Sen. Inouye’s Statement on Pearl Harbor Day

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WASHINGTON — Sen. Daniel K. Inouye (D-Hawaii) issued the following statement on Pearl Harbor Day.

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In 1941, the date Dec. 7 was a day that evoked anger, fierce patriotism and dangerous racism. Soon after that day, I suddenly found myself, pursuant to a decision by the government and along with thousands of Japanese Americans declared 4C, enemy aliens. It was a difficult time. I was 17.

Sen. Daniel Inouye (left) with McKinley HIgh School and University of Hawaii classmate and 442nd veteran Fujio “Fudge” Matsuda.

I joined many of my classmates and sent petitions to the government, pleading for the opportunity to fight. We wanted to affirm our loyalty and pride of citizenship. The request was granted in the final days of 1942.

The government decided to form a combat team made up of young Americans of Japanese Ancestry (AJA), the 442nd Regimental Combat Team. In Hawaii, they asked for 1,500 volunteers. About 10,000 signed up, more than 85 percent of the eligible Japanese American males in Hawaii.

The day I rushed down to the draft board to volunteer, I was a freshmen in college. I was a pre-medicine major. There were 36 AJAs in my class, 34 volunteered, and all were wounded or killed. As a result, after the war, there were very few AJA doctors in Hawaii.

During one of our first fights, my best friend, Jin Hatsu Chinen, was killed in an artillery barrage. We were to open a clinic in Honolulu together after the war. He was teaching me to play the guitar. His death, reminded me, reminded all of us, of the magnitude and cost of the war we were fighting.

The 442nd went on to become the most decorated unit of its size in the history of the United States Army, but we suffered horrific losses and those of us lucky to survive the fight swore we would live life for our brothers who did not come home. I shall always be grateful to President Roosevelt for giving us the opportunity to demonstrate our love of country.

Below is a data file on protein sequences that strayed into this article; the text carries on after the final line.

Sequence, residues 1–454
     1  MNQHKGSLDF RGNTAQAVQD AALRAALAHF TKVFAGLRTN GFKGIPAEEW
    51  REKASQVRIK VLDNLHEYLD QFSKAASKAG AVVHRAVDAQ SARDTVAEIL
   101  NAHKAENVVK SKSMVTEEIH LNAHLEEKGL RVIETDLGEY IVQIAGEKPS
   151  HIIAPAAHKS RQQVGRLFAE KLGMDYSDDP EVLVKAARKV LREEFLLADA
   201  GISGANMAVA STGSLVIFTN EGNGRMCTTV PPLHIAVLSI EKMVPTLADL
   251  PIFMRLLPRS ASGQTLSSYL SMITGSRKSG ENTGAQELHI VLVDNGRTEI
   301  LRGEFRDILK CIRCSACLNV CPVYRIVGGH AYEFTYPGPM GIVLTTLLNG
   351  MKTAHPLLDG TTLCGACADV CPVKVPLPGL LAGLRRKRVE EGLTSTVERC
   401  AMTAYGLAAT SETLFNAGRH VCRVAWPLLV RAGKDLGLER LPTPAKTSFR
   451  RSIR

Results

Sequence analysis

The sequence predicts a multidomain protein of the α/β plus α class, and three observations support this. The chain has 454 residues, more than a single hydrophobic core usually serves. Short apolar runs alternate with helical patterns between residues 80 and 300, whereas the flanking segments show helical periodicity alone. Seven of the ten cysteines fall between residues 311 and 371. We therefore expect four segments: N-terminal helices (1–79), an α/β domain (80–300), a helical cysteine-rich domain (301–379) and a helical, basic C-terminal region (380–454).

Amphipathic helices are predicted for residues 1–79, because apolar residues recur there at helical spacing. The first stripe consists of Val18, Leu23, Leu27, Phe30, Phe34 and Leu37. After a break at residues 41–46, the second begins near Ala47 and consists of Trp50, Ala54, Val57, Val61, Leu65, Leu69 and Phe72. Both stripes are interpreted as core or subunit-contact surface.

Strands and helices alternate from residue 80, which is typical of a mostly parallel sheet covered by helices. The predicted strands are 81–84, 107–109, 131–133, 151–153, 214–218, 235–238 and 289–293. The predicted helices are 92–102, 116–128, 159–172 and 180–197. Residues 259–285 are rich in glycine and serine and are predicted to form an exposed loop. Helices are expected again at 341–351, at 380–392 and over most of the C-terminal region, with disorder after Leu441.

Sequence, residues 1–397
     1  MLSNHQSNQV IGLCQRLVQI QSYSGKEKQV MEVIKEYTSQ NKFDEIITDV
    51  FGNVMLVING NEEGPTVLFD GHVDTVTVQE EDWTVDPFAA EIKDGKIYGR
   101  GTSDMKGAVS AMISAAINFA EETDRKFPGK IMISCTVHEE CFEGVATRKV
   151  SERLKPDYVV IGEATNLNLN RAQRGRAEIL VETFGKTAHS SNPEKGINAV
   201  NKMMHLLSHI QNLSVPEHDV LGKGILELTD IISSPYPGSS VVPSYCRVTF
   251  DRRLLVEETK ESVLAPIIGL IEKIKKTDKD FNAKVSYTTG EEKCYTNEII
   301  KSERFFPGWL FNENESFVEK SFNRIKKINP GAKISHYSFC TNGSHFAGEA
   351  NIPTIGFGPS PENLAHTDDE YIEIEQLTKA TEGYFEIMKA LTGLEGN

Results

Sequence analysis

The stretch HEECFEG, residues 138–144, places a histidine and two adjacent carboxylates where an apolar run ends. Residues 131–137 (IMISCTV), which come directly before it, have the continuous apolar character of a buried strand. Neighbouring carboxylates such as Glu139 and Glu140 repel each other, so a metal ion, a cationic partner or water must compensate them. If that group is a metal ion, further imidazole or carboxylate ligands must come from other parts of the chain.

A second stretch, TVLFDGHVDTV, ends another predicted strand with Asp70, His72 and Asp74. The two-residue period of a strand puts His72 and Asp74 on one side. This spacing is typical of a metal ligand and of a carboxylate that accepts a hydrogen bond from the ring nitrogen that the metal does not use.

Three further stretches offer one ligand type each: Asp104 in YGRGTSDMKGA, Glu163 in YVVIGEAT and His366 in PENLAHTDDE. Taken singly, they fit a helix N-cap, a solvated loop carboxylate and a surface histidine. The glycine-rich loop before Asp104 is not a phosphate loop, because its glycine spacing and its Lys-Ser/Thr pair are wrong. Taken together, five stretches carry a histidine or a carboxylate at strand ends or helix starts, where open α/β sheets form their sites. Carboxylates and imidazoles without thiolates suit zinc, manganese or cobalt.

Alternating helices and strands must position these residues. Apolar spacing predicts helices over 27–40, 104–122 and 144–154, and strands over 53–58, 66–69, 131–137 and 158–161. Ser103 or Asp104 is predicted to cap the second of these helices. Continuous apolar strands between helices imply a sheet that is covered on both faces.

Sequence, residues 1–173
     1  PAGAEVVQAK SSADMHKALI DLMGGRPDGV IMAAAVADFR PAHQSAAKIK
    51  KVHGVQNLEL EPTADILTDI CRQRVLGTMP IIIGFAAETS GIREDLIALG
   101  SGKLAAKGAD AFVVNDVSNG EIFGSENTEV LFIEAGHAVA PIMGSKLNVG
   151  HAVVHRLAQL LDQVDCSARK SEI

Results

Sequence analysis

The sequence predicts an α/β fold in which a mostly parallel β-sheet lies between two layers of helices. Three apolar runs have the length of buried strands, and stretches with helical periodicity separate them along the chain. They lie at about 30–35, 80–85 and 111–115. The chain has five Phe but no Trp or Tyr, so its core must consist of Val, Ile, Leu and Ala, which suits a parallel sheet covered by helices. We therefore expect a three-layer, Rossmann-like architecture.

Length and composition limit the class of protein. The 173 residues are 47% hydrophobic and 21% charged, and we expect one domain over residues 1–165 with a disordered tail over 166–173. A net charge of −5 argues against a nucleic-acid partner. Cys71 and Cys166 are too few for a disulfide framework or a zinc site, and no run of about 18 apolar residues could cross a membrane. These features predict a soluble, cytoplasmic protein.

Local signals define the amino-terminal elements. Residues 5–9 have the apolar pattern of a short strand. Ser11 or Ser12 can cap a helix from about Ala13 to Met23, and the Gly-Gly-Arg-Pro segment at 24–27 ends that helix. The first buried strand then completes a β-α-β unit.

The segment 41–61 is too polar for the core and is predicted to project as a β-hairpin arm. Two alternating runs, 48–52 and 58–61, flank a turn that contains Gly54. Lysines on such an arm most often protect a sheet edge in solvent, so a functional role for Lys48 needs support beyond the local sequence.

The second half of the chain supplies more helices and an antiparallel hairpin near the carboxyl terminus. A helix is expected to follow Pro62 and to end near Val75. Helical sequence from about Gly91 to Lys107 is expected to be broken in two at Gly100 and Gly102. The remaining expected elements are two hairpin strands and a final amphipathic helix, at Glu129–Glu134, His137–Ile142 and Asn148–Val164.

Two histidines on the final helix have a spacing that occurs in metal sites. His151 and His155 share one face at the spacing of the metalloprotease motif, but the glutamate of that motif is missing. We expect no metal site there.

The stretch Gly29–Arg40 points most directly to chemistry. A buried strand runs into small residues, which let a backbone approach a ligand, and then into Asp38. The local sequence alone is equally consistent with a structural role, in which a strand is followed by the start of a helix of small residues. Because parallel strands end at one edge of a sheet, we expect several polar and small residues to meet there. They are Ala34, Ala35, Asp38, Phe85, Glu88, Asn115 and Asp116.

On this day, let us remember all those who have had the courage to put on the uniform and sacrifice for our great nation. Our way of life has always, and will always be, protected and preserved by volunteers willing to give their lives for what we believe in.

I thank each of you for your service to the nation, I thank you for your many sacrifices, and I thank you for being an American patriot.

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Rep. Mazie Hirono (D-Hawaii) added, “On the 71st anniversary of the attack on Pearl Harbor, we remember those who fought and lost their lives, including civilians, on Dec. 7, 1941. The memory of their sacrifice and courage will forever leave its mark on the history of Hawaii and America. We recognize the contribution of those at Pearl Harbor and Hawaii’s families as they came together during this time of great conflict and uncertainty. While we remember those who fought for America in our past, let’s not forget the brave men and women serving our country around the world today who protect our nation and our freedom.”

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